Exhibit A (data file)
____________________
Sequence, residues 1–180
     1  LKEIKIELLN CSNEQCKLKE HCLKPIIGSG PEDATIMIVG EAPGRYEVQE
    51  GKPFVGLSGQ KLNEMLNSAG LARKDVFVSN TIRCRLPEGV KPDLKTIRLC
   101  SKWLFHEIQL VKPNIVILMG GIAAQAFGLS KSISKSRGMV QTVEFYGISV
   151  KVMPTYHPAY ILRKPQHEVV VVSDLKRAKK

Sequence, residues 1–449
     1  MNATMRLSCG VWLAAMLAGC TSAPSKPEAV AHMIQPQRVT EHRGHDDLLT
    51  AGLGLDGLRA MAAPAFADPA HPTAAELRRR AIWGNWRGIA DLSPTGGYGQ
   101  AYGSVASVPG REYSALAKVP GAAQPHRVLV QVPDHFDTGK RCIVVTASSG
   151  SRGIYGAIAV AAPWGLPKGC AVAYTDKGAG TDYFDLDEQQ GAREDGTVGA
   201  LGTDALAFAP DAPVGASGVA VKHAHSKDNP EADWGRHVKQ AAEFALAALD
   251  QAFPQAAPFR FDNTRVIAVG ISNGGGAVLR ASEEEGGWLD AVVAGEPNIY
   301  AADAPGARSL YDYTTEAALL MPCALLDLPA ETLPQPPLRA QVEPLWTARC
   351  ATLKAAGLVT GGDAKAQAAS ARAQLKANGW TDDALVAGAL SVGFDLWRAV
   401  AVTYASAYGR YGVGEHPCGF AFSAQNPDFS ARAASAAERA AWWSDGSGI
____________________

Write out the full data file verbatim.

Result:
Sequence, residues 1–180
     1  LKEIKIELLN CSNEQCKLKE HCLKPIIGSG PEDATIMIVG EAPGRYEVQE
    51  GKPFVGLSGQ KLNEMLNSAG LARKDVFVSN TIRCRLPEGV KPDLKTIRLC
   101  SKWLFHEIQL VKPNIVILMG GIAAQAFGLS KSISKSRGMV QTVEFYGISV
   151  KVMPTYHPAY ILRKPQHEVV VVSDLKRAKK

Sequence, residues 1–449
     1  MNATMRLSCG VWLAAMLAGC TSAPSKPEAV AHMIQPQRVT EHRGHDDLLT
    51  AGLGLDGLRA MAAPAFADPA HPTAAELRRR AIWGNWRGIA DLSPTGGYGQ
   101  AYGSVASVPG REYSALAKVP GAAQPHRVLV QVPDHFDTGK RCIVVTASSG
   151  SRGIYGAIAV AAPWGLPKGC AVAYTDKGAG TDYFDLDEQQ GAREDGTVGA
   201  LGTDALAFAP DAPVGASGVA VKHAHSKDNP EADWGRHVKQ AAEFALAALD
   251  QAFPQAAPFR FDNTRVIAVG ISNGGGAVLR ASEEEGGWLD AVVAGEPNIY
   301  AADAPGARSL YDYTTEAALL MPCALLDLPA ETLPQPPLRA QVEPLWTARC
   351  ATLKAAGLVT GGDAKAQAAS ARAQLKANGW TDDALVAGAL SVGFDLWRAV
   401  AVTYASAYGR YGVGEHPCGF AFSAQNPDFS ARAASAAERA AWWSDGSGI